A Conversation with Charles L. Starr III about Pets and Travel

Charles L. Starr III

Charles L. Starr III

Today we talk with Charles L. Starr III about traveling with pets on board. Hopefully this advice from Charles L. Starr III will come in handy around vacation season.

Community Blog Online: It’s probably safe to say that planning is the first place to start, correct?

Charles L. Starr III: This is true. Pets are like family, but people should ask themselves if it’s a good idea to bring them.

Community Blog Online: What if the answer is “no”?

Charles L. Starr III: Then you should put your pets in a kennel, or have a pet sitter come by to check on them or stay with them.

Community Blog Online: What about your destination?

Charles L. Starr III: Good point. Make sure there are accommodations for pets where you’re going, and that your pet will be welcome. Otherwise it can end up being miserable for all involved!

Community Blog Online: Is there a resource for people who want to know the location of the nearest vet at their vacation destination?

Charles L. Starr III: Yes, MyVeterinarian.com lets you quickly find a vet by zip code.

Community Blog Online: What about identification for my traveling pet?

Charles L. Starr III: This one goes without saying: your pet should be wearing a collar with a current ID tag. Even better, microchips are a permanent form of ID.

Community Blog Online: What about car travel?

Charles L. Starr III: Some pets travel really well by car, and others don’t. Make sure your pet is properly restrained, for starters.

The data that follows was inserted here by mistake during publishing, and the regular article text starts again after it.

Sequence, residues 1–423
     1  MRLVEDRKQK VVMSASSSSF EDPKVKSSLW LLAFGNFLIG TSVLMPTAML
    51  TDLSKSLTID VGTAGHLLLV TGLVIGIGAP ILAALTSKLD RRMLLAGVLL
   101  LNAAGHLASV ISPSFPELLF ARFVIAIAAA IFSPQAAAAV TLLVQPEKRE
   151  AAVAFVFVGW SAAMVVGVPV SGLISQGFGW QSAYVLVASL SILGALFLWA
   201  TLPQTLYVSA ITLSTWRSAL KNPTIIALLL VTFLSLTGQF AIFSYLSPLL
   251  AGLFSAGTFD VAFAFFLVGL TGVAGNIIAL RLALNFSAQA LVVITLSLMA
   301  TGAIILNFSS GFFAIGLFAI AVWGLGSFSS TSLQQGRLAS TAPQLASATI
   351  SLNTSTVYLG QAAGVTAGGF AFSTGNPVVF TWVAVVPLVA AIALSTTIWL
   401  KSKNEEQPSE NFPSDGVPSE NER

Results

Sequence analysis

Community Blog Online: Aren’t there several systems around for that?

Charles L. Starr III: Yes, there are. Whatever restraint you use, try to get the pet accustomed to it in advance.

Community Blog Online: How often should we stop for a rest break?

Charles L. Starr III: Let your dog out to do its business, sniff around and stretch its legs once every hour or 90 minutes.

Community Blog Online: You should take your pet’s medications with you too, of course…

Charles L. Starr III: Yes, thanks for pointing that out. Things like heartworm, flea and tick medicine might be scheduled during your trip, along with your pet’s other meds.

Community Blog Online: I know you should bring plenty of food and water, but sometimes our pets are too excited to eat or drink in the car.

Charles L. Starr III: Offer your dog water when you stop, and when you arrive at your destination try to stay on your dog’s usual feeding schedule.

Community Blog Online: Well, thanks for taking a little time with us today!

Charles L. Starr III: Absolutely, always happy to help.

Charles L. Starr III is a practicing veterinarian in the Denver area.


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